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The Blacksmith, the Nail, the Horse and Disaster Prevention

By: Luiz Hargreaves, AAS, MD, Msc
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"For want of a nail the shoe was lost, for want of a shoe the horse was lost; and for want of a horse the rider was lost; being overtaken and slain by the enemy, all for want of care about a horse-shoe nail."

-Benjamin Frankilin

The proverb above has received different versions, including this one credited to Benjamin Franklin. A kingdom lost because of a nail. We could also say, a disaster caused by a simple problem that could have been avoided.

Everybody that works with accident prevention knows that the great tragedies, with rare exceptions, are not the result of a single event, but a succession of failures. Lack of planning and risk identification, mitigation, failure in monitoring, lack of warning and alarm systems, little or no training. These are just some examples of "nails and horseshoes" capable of destroying the kingdom, just like the proverb.

There is no zero risk, there is no effective prevention without the commitment of everyone, including the community. It is not possible to identify risks, without knowledge of the threats and vulnerabilities and there is no adequate response, without prevention and preparedness. If misplaced "nails and horseshoes" start the sequence which can result in a disaster, whose responsibility is it to act as a blacksmith? The answer might be complex, but in few words, we can say that we are all responsible. The citizen cannot fail to assume their responsibility to drive carefully, to obey the law, not to put the lives of others at risk and act in such a way to benefit the community. When someone builds a home in a risky area for natural disasters, he is not just leaving his family vulnerable, but is also encouraging others to do the same and contributing to the sequence of events that will end in disaster.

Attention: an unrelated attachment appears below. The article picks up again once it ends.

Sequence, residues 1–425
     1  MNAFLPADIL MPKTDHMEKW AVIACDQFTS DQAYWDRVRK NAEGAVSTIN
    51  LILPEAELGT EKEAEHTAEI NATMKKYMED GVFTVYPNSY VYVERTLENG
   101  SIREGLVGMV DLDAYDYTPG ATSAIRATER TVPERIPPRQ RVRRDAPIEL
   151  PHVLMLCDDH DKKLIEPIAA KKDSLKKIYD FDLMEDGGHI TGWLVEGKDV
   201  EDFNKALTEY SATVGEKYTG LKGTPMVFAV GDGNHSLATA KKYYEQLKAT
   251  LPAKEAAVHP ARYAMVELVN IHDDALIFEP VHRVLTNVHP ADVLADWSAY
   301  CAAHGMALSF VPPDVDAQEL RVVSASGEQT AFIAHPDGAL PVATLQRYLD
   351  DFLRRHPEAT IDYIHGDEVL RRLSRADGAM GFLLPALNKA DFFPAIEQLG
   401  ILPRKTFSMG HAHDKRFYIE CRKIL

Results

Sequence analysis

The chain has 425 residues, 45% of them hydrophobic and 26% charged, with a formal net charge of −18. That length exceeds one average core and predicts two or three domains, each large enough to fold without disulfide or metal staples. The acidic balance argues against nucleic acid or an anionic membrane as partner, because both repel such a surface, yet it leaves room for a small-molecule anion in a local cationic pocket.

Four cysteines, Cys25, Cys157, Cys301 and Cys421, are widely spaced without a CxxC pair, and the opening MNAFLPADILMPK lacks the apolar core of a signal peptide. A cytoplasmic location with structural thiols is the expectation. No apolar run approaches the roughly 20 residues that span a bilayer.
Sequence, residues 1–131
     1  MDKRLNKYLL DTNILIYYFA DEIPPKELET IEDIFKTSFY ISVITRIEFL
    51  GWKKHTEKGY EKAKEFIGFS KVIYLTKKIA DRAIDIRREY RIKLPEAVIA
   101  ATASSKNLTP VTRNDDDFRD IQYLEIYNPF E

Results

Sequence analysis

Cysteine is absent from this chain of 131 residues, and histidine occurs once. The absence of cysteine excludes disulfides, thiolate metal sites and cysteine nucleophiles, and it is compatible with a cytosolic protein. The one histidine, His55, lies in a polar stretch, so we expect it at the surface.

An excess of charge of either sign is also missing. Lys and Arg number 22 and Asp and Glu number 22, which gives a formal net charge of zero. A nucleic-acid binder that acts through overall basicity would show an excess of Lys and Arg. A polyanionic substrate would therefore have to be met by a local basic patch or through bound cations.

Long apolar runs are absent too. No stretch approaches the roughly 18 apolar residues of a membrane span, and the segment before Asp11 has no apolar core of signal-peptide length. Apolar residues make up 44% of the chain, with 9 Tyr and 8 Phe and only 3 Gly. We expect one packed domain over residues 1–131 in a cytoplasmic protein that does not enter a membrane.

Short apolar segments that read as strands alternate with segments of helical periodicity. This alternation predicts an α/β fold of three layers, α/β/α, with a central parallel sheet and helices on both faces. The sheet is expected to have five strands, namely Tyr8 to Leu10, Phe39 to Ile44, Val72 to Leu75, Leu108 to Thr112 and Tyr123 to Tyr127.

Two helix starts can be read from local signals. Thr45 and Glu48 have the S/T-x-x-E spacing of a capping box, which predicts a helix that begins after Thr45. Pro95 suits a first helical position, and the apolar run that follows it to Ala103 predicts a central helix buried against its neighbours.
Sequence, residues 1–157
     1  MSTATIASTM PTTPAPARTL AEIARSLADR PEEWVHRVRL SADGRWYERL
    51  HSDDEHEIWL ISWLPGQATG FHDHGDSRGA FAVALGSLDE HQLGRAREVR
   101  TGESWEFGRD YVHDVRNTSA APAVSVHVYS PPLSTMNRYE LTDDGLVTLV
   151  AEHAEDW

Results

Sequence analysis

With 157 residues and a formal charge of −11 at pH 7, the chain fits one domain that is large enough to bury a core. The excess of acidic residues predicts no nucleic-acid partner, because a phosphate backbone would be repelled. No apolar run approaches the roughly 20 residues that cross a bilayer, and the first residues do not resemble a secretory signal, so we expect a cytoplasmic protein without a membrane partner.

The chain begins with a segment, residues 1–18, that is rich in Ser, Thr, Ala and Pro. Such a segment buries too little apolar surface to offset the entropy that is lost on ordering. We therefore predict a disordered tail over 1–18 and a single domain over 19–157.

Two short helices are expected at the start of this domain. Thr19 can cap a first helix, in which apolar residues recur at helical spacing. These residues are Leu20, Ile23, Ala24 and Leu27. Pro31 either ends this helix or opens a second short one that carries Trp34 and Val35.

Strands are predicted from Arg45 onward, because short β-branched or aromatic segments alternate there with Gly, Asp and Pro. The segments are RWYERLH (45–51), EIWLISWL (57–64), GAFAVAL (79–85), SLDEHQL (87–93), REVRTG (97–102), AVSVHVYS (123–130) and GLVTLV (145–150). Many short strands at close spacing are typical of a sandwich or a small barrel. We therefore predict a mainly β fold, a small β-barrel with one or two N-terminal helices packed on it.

The authorities cannot expect that the community exerts the role of agent for prevention and preparedness without support. It is essential that Government be prepared with planning, material and human resources, to operate in mitigation and in all phases of disasters. If the "horseshoe" is misplaced, the state cannot allow that these "horses" remain in battle, as it will be lost.

In many countries, it is usual that Government still invests little or almost nothing in response and prevention. Sometimes it is a cultural issue, but at the same time, the social responsibility is neglected and resources that should be used to protect the population are intended for investment in works and actions that are clearly focused on electoral goals or even corruption.

Treating "injured horses and riders" has much greater visual impact than fixing "nails in horseshoes". The relief arrives for victims, brought by the same hands of those who were unable to prevent the disaster, or worse, by their perpetrators. The image that is shown, however, is that they are the great rescuers.

"Nails and horseshoes" are set every day, every moment. "Horses and riders" toppled all the times. Disasters are the result. Naturally, even with all the prevention, preparedness and response performed adequately, the unthinkable can happen. But this should be the exception and not the rule.


Luiz Hargreaves, AAS, MD, MS, MA is a qualified Expert in Crisis Management and Disaster Preparedness. He has been working in these fields for more than 30 years, with a large experience in major events, counterterrorism, disaster prevention and emergency planning.

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